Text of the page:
Anthony McCarron, SNY.tv | Twitter |
Yes, I know. My Hall of Fame ballot is wrong.
Heck, the only person on the planet who thinks it's right is the one typing this. And even I acknowledge there are some things I could've changed. More on that in a moment.
My ballot's first imperfection, at least according to some, stems from the fact that I'm a Big Hall guy. I've voted for 10 players -- the maximum allowed -- every year since 2013. Some believe there should be fewer players elected; I say, "What fun is that?"
I voted 10 again this year when I checked off these 10 names: Barry Bonds. Roger Clemens. Vladimir Guerrero. Trevor Hoffman. Chipper Jones. Jeff Kent. Edgar Martinez. Mike Mussina. Curt Schilling. Jim Thome.
Believe me, there are plenty more on this ballot that I could've voted for, had there been space on the ballot. The fact that I had to leave off Billy Wagner, Larry Walker, Fred McGriff, Gary Sheffield, Andruw Jones, Scott Rolen, and Omar Vizquel makes me wish the Hall of Fame would eliminate the Rule of 10 and let the 420 or so voters pick as many as they want.
I will strongly consider them all, once again, when the clogged ballot hopefully thins after what could be a big Class of 2018. They need to get 5 percent of votes to stay on the ballot, which brings me to another potential imperfection.
However uncomfortable it makes me, there's some ballot strategy here. I voted for Kent, one of the greatest offensive second basemen in history, in part because he sat at 16.7 percent last year. He deserves to be considered longer, but I debated taking my vote from him and using it elsewhere. Maybe Wagner needed it more to stick around and get the in-depth look he deserves.
Also, I moved Hoffman up on my ballot after not voting for him until now. I did it in part because I think he's gaining enough momentum to get in this year, alongside Chipper Jones, Thome and Guerrero.
Getting Hoffman off the ballot might help a player such as Edgar Martinez, who should be a Hall of Famer, get more voter love. Martinez, he of the .312/.418/.515 career slash line, got 58.6 percent last year.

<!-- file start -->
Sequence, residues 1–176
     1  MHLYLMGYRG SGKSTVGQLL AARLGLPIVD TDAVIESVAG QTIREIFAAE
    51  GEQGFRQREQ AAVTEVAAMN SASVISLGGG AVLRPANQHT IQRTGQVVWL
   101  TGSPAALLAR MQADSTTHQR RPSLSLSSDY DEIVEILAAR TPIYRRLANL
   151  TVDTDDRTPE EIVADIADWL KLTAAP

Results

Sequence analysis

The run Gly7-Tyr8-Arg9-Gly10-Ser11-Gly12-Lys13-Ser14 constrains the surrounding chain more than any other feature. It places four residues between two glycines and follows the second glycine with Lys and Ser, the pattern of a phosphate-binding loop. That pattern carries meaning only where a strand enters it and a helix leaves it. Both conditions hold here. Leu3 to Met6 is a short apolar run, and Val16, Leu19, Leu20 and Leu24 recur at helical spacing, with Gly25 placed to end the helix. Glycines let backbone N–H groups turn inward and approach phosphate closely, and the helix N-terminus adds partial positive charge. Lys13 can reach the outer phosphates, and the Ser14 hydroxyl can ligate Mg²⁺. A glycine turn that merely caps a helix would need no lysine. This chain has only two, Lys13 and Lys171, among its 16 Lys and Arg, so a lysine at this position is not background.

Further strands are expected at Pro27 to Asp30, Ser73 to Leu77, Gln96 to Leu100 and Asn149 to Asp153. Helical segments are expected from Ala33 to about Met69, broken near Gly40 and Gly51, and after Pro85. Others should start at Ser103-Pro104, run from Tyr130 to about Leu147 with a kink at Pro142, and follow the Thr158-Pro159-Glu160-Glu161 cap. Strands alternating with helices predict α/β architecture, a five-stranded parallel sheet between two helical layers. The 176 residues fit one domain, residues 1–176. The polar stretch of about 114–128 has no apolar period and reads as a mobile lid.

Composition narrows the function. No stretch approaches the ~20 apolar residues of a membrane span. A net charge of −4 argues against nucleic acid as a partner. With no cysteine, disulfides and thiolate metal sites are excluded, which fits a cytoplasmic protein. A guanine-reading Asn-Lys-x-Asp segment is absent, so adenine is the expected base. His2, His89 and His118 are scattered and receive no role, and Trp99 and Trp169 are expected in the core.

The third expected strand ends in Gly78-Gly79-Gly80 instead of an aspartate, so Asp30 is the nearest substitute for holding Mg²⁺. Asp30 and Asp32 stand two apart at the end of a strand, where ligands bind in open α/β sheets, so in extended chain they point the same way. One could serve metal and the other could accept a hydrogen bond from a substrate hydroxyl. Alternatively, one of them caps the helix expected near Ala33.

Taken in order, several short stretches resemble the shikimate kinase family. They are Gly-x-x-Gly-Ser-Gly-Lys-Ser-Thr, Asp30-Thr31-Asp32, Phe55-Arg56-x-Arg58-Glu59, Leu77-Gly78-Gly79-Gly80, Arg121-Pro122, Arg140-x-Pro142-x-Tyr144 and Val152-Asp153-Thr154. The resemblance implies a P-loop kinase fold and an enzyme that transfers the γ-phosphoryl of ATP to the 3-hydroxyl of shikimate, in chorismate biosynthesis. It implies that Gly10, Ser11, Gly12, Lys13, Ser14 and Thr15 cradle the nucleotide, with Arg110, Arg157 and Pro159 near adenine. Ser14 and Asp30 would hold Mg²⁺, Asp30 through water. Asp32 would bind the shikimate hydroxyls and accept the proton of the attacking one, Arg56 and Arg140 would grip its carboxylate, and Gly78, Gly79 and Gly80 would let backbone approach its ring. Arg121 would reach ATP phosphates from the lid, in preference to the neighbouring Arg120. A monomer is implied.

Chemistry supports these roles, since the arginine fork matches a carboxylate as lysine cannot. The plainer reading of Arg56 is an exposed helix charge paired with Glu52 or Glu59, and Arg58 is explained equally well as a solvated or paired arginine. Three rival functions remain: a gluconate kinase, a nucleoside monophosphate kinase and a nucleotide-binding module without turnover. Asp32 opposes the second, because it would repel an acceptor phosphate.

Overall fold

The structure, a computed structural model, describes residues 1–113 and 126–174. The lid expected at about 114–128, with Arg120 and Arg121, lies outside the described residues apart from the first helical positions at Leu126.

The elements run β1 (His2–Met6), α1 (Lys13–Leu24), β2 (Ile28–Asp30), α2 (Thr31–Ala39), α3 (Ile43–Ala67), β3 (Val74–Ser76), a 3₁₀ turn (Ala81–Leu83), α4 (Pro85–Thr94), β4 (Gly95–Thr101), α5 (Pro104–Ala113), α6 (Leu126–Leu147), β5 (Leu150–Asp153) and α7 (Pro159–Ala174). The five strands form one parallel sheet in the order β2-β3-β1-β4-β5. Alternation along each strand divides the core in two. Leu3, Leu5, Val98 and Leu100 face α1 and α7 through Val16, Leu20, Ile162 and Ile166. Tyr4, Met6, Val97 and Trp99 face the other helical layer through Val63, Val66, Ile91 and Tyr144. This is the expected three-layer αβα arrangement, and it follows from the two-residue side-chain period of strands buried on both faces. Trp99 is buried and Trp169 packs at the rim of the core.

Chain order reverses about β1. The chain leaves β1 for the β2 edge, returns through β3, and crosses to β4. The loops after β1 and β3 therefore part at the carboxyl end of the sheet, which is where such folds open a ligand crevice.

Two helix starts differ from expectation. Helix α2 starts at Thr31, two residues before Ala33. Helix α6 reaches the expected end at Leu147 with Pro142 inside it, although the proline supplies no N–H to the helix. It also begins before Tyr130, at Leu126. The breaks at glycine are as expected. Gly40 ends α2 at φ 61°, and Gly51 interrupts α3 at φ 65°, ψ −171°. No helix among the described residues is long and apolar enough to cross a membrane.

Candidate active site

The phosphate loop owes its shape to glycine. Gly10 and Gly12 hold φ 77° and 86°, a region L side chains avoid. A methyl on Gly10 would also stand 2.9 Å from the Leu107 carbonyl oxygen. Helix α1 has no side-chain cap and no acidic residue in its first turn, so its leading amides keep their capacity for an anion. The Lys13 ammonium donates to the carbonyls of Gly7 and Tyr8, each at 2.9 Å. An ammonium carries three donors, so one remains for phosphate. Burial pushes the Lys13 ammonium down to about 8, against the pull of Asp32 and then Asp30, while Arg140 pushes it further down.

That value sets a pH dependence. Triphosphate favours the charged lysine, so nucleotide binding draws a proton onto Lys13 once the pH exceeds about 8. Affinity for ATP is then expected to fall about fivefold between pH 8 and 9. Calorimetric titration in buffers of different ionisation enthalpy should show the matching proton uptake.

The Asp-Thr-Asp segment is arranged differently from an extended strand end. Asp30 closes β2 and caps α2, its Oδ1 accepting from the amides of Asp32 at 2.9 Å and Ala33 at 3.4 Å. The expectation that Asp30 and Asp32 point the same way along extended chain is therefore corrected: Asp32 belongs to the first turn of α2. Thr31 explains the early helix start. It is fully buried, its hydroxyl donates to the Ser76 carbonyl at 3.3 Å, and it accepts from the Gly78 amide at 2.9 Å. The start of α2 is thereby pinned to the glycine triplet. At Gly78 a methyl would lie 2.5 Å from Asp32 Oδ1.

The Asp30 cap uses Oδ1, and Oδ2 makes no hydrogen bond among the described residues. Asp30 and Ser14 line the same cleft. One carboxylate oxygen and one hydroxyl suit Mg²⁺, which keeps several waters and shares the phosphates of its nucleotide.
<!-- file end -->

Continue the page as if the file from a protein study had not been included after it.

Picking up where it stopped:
Some don't believe Martinez should be in the Hall because he was mostly a designated hitter during his career and was no Rolen defensively when he did play third base. But let's be real -- had there been no DH, a team would've found a place to put him (see above slash line). And I can still remember how he drove the Yankees nuts when I covered the team for the Daily News back in the early 2000s.
The game has evolved a great deal and there's much more specialization. DHs are part of the game, so are closers. That's another reason why I found it reasonable to vote Hoffman this year and why Wagner stands out as a potential future vote. And why I wonder if I should regret not voting Lee Smith.
A few words on some of the others I voted for before we get to our last imperfection. Mussina, the AL East Beast, authored a marvelous, consistent career in the cauldron of an offense-heavy era in the scariest division possible. Schilling was remarkable during both summer and fall.
Guerrero was a monster player who did eye-popping things from every corner of the field.
Chipper Jones? Let's spare Mets fans a recitation of his career beyond saying he's clearly one of the best third basemen of all-time. Jim Thome, with 612 homers and a .402 on-base percentage, was an easy choice.
Bonds and Clemens? Ah, twin voting flashpoints. I initially did not vote for them, but started doing so in 2016. Yes, there is a PED cloud over each. But they have more MVP trophies and more Cy Young Awards than anyone.
They might be the ideal representatives of the Steroid Era for the Hall of Fame, which is, after all, a museum. Don't confuse it with a holy site. There are plenty of scoundrels already there.
You don't get a halo when you're elected. You get a plaque. If the Hall wants to put their transgressions on the plaques of Bonds and Clemens, feel free. If either player gets in and current Hall of Famers are so outraged that they don't want to attend the July induction, skip it for a beach weekend instead and tell everyone why.
But Bonds and Clemens were hugely significant players. They need to be recognized in a meaningful way, not some sideshow exhibit, like some suggest. The best way is to put them in the museum.
Maybe I'm wrong. But that's OK -- it's hard to find perfection on a ballot that has so many shades of gray.